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‘Porgy’s’ Progress--in Black and White

Elaine Dutka is a Times staff writer

Though many regard “Porgy and Bess” as the great American opera, there’s an ongoing chorus of naysayers who claim it ain’t necessarily so.

For starters, there’s the debate about whether the 1935 opus, a blend of European arias and African American sounds and rhythms, fits the definition of opera. And, as Wednesday night’s PBS special “Porgy and Bess: An American Voice” so pointedly demonstrates, some view the piece--a tale of a poor, crippled beggar and a loose-living woman--as a bastion of negative stereotypes in which blacks are presented as dependent, oversexed, drug-addicted and violent.

The controversy is fueled by the all-white heritage of the work. Based on a 1925 novel and subsequent play by white Southerner DuBose Heyward, who also wrote the libretto, “Porgy and Bess” boasts music by George Gershwin and lyrics by Ira Gershwin and Heyward. Maya Angelou, who played the character Ruby in a 1954 production, maintains “ ‘Porgy and Bess’ is a truth, a human truth.” Not everyone agrees.

“Harry Belafonte turned down the chance to star in the 1959 movie, saying he’d come too far to be sitting on his knees in a goat cart staring up at white folks,” recalls James Standifer, a University of Michigan professor of music who spent 12 years bringing the $1.6-million documentary to the screen. “Grace Bumbry and Diahann Carroll took on roles in the interest of professional exposure but had major reservations, as well. Still, ‘Porgy and Bess’ shouldn’t be relegated to a museum. The music inspired jazz artists from Ella Fitzgerald to Miles Davis--and the story helps us see how far we’ve come.”

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National Book Award winner Gloria Naylor (“The Women of Brewster Place”) was brought aboard to write the show, along with veteran documentary writer Ed Apfel (the Emmy-winning “Edward R. Murrow: This Reporter”). Though the story line of the opera is outdated, they agreed, the music, most definitely, is not. “The music has withstood the test of time and is part of Americana,” Naylor says. “The evolution of the opera moreover reflects how America has moved.”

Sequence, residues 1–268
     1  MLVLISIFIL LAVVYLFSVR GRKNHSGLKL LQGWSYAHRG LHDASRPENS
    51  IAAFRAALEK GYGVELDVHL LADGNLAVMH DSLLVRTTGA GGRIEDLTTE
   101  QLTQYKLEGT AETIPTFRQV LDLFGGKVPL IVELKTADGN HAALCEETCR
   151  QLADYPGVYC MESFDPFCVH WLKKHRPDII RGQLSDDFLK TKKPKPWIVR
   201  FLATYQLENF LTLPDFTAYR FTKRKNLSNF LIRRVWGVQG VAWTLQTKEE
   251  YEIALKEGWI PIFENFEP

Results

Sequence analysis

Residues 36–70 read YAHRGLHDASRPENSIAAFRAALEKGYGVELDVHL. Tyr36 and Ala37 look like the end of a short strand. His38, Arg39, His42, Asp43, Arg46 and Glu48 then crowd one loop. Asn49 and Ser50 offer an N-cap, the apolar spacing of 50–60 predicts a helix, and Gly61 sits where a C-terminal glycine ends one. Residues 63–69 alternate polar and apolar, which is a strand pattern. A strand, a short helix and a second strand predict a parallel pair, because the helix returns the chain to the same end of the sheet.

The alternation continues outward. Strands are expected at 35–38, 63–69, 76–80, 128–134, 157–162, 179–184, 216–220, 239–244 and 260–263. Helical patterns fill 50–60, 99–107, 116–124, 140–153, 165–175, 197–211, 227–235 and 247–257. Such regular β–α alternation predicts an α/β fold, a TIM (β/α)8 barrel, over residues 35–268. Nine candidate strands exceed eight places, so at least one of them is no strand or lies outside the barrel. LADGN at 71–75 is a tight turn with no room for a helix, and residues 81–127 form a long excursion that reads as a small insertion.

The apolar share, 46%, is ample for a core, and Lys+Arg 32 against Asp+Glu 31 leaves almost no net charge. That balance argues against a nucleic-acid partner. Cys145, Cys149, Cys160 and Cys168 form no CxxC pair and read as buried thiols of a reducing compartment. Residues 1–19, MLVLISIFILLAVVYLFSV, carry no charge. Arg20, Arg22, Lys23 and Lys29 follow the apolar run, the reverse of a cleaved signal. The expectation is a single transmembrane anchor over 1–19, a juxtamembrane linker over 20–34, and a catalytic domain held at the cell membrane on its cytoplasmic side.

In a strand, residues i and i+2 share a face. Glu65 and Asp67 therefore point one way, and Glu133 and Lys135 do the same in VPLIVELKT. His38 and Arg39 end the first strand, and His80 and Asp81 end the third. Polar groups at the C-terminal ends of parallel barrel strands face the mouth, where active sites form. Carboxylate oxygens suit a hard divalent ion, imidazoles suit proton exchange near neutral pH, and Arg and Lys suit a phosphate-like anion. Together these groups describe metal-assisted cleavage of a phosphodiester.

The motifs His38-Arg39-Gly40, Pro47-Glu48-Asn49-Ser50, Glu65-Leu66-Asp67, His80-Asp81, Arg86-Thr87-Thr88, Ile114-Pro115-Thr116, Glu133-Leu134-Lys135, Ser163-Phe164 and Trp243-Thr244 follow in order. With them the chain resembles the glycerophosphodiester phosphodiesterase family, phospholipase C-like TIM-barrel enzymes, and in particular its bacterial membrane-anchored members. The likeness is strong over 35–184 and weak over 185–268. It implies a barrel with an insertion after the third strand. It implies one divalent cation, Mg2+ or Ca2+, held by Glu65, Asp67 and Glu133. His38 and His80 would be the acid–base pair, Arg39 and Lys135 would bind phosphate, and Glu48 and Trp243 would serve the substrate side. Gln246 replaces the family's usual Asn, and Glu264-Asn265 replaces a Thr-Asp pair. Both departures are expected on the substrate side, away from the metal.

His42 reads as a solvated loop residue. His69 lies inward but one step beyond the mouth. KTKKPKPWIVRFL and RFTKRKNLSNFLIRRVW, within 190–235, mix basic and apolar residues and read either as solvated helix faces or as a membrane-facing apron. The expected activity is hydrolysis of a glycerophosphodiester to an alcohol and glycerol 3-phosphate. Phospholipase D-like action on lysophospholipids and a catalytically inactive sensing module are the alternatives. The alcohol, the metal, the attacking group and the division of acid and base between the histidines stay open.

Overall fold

Standifer, too, sees “Porgy and Bess” as an odyssey of American race relations. In 1936, Washington’s National Theater was desegregated for the first time for performances of the opera, he says. Six years later, the word “nigger” was removed from the text. A larger-than-life Porgy threw away his crutches, walking on his own at the end of Trevor Nunn’s 1986 production. And, reflecting changing notions of what constitutes “beauty,” the dark-hued Bumbry was cast in the lead in 1985 following decades of lighter-skinned Besses.

"[Director] Otto Preminger told Dorothy Dandridge to sing with a ‘smaller’ mouth,” Standifer observes. “Now actresses use collagen to make their mouths bigger.”

Narrated by Ruby Dee, the documentary features interviews with academicians and artists including Carroll (Clara in the film), Nunn, Angelou and the leads in a 1952 touring production: Leontyne Price and William Warfield. The original Porgy and Bess--Anne Brown, 86, and Todd Duncan, 94, who starred in the premiere at Boston’s Colonial Theater in the fall of 1935--also took part. The only major holdout, according to Sandifer, was Sidney Poitier, who had such a distasteful experience playing Porgy on screen that he was reluctant to dredge it up, a colleague said.